The Santa Monica City Attorney’s Office will hold a workshop in its fair housing series, “Disability Issues in Rental Housing,” Thursday, December 6th, at the Santa Monica Main Library.
Jointly sponsored with the Apartment Association of Greater Los Angeles (AAGLA), the workshop is the second in the series.
In April, the City Attorney’s Office announced a comprehensive campaign to improve community awareness of the fair housing laws and to eliminate housing discrimination in the city.
Along with a full-page color fair housing advertisement, posters and new enforcement efforts, the City Attorney’s Office also teamed up for the first time with the Apartment Association of Greater Los Angeles to provide Santa Monica with a workshop on state and federal fair housing laws that prohibit housing discrimination.
The free workshop “sold out,” as all seats were reserved two weeks before the event.
The workshop’s 75 participants — including landlords, property managers, tenants, advocates, social service providers, and attorneys — received perspectives from a panel of speakers and from one another on fair housing issues, according to the City Attorney’s Office.
One issue emerged as the most compelling — reasonable accommodations and modifications for tenants with disabilities, according to the City Attorney’s Office, with questions such as what is an accommodation, what is the difference between an accommodation and a modification, when are they required, what is reasonable, and if there are costs, who pays.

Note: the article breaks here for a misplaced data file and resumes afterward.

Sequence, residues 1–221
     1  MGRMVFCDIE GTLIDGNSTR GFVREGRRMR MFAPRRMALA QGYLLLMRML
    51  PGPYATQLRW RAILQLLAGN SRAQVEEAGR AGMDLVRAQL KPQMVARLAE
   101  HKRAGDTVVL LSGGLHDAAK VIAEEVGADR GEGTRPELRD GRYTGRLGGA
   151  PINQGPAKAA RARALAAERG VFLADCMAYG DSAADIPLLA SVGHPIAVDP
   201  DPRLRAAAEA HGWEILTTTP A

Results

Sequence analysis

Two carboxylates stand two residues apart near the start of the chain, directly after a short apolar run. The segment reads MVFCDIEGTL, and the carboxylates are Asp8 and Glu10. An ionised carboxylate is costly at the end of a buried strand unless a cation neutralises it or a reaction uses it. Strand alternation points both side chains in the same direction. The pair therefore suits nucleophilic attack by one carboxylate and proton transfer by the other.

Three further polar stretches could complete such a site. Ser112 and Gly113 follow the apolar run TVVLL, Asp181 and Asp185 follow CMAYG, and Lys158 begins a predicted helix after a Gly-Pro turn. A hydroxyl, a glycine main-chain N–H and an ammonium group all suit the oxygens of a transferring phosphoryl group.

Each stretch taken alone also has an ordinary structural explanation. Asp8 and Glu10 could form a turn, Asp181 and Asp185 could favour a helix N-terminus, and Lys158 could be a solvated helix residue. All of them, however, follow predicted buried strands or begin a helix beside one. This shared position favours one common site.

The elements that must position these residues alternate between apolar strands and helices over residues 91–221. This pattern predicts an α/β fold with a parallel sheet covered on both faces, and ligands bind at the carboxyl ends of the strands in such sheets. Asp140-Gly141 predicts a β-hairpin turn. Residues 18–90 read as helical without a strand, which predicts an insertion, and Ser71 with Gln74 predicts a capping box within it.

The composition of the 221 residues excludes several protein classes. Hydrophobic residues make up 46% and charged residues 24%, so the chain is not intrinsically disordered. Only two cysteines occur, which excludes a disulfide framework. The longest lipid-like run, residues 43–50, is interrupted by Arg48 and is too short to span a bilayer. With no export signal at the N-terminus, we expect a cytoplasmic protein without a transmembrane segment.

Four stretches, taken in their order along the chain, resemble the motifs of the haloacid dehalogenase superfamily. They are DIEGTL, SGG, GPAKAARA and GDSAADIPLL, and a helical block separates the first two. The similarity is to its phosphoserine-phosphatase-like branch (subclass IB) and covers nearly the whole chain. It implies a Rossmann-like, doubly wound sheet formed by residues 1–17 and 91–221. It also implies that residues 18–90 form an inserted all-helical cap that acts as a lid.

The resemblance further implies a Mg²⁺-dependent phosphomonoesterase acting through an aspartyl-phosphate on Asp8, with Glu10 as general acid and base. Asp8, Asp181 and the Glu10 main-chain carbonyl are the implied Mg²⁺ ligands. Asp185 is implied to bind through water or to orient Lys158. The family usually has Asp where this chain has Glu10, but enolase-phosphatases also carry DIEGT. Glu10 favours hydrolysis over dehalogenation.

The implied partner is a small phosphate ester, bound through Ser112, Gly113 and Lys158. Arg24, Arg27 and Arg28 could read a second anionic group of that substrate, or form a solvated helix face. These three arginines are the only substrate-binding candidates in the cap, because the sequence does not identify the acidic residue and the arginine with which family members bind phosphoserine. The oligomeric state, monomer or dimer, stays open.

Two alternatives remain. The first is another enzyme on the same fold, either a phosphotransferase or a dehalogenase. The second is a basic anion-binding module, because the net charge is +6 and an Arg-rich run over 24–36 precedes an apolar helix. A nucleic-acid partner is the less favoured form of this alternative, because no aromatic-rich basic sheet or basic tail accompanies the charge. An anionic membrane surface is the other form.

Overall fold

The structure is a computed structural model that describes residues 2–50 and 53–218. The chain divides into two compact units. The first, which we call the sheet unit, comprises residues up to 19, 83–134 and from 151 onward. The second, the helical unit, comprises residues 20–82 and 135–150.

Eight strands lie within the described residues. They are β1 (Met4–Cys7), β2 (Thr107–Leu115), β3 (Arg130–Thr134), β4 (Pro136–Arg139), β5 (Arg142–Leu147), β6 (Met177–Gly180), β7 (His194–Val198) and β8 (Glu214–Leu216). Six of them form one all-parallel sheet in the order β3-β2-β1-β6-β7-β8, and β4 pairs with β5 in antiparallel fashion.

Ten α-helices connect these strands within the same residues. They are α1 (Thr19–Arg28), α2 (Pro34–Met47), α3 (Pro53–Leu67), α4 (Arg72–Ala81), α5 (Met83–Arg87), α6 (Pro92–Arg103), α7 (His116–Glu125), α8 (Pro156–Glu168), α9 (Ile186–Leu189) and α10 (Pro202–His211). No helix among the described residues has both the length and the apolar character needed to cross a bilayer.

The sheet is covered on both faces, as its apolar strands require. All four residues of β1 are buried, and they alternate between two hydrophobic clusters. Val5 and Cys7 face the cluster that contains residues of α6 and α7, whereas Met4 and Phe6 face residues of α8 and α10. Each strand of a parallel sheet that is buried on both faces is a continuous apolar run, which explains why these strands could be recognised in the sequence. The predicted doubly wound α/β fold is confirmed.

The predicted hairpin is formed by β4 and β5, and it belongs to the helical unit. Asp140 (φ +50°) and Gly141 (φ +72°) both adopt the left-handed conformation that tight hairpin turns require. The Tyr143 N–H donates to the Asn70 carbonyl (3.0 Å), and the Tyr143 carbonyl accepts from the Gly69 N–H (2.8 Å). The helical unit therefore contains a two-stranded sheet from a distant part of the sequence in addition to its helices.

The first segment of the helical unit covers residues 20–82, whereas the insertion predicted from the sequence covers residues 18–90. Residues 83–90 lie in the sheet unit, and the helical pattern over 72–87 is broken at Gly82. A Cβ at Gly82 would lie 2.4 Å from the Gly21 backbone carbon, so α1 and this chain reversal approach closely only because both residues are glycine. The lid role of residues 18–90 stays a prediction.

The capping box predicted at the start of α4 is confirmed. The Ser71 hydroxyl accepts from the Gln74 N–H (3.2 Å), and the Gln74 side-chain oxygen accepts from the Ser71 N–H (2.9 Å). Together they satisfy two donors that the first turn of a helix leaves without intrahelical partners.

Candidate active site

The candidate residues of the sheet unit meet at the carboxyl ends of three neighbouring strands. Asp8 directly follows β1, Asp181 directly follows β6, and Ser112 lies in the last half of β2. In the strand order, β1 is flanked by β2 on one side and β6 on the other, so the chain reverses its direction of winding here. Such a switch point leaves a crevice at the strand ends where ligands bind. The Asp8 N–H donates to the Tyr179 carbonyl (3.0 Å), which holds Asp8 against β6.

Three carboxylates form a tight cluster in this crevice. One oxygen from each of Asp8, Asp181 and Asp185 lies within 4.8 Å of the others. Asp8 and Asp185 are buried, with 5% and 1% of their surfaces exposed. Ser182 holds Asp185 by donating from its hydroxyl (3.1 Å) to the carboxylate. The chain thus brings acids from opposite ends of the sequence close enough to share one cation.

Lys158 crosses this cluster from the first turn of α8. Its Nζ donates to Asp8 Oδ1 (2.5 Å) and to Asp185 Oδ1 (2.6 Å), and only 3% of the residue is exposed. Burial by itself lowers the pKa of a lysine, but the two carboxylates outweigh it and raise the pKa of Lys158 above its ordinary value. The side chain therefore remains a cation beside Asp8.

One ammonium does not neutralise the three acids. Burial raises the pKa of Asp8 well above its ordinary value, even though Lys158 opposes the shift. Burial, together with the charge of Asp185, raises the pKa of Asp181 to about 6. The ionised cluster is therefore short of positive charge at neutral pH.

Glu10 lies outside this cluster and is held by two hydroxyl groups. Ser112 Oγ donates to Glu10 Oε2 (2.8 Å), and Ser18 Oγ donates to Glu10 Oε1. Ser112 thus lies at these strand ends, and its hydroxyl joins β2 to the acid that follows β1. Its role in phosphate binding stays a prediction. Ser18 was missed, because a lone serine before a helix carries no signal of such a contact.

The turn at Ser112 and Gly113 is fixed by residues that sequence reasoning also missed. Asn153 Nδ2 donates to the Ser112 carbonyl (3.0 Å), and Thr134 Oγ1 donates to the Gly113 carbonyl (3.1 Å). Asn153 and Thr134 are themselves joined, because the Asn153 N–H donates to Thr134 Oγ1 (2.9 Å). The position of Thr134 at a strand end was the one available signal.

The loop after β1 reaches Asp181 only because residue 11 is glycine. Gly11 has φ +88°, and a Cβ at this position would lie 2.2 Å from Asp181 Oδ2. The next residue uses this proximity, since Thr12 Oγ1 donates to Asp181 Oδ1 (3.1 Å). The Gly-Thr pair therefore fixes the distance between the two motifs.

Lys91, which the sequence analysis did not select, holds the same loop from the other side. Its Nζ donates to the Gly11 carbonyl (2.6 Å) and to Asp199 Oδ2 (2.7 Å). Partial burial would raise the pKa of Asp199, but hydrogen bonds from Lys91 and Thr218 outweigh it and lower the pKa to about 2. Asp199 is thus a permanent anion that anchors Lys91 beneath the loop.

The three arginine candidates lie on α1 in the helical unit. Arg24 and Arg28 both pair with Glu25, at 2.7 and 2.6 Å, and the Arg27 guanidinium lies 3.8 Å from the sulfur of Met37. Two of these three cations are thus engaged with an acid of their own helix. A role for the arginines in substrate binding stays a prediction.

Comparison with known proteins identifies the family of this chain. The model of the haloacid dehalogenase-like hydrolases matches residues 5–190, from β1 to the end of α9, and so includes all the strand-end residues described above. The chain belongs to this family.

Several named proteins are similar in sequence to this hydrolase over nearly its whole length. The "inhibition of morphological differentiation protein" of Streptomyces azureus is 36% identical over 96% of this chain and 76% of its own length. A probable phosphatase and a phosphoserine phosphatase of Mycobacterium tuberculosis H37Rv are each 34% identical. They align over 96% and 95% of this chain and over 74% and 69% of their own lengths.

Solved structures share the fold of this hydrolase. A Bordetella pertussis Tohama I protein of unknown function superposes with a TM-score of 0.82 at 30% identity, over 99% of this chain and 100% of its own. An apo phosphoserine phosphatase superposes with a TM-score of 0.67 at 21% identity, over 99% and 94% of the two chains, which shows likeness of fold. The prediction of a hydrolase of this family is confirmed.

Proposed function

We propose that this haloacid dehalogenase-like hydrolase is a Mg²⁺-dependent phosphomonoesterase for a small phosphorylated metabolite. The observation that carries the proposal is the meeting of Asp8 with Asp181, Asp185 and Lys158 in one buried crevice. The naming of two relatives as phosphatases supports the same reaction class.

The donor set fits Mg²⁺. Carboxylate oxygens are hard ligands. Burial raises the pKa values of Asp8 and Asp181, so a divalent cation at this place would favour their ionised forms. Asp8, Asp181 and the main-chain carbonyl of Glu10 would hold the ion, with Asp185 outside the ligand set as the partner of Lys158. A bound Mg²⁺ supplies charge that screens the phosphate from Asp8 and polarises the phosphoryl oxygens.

Based on the success of the April workshop and to cover these disability-related topics in more detail, the City Attorney’s Office and Apartment Association of Greater Los Angeles have designed an all-new agenda.
The workshop presenters will explain federal and state fair housing laws, in particular those laws regarding tenants and applicants with disabilities.
Topics will include accessibility, reasonable accommodations, reasonable modifications, community resources for landlords and tenants who are dealing with accommodation needs and alternatives to litigation such as mediation and the administrative complaint process.
The presenters include Beth Rosen Prinz, California Department of Fair Employment and Housing; Jim Andrews, Westside Center for Independent Living; Debby Maddis, OPCC; Adam Radinsky, deputy city attorney; Gary Rhoades, deputy city attorney; and Craig Mordoh, local attorney.
“Most reasonable accommodation and modification issues are worked out between landlords and tenants without resorting to lawyers and lawsuits,” said Gary Rhoades, a deputy city attorney in the Consumer Protection Unit. “The goal of the Disability Issues in Rental Housing workshop will be to provide Santa Monicans with more information on these disability topics so that even more disputes can be resolved before resorting to the courts.”
All landlords, property managers, advocates, attorneys, social service providers, and interested tenants are invited to attend free of charge.
Space is limited and early registration is recommended, at www.smconsumer.org or (310) 458-8345.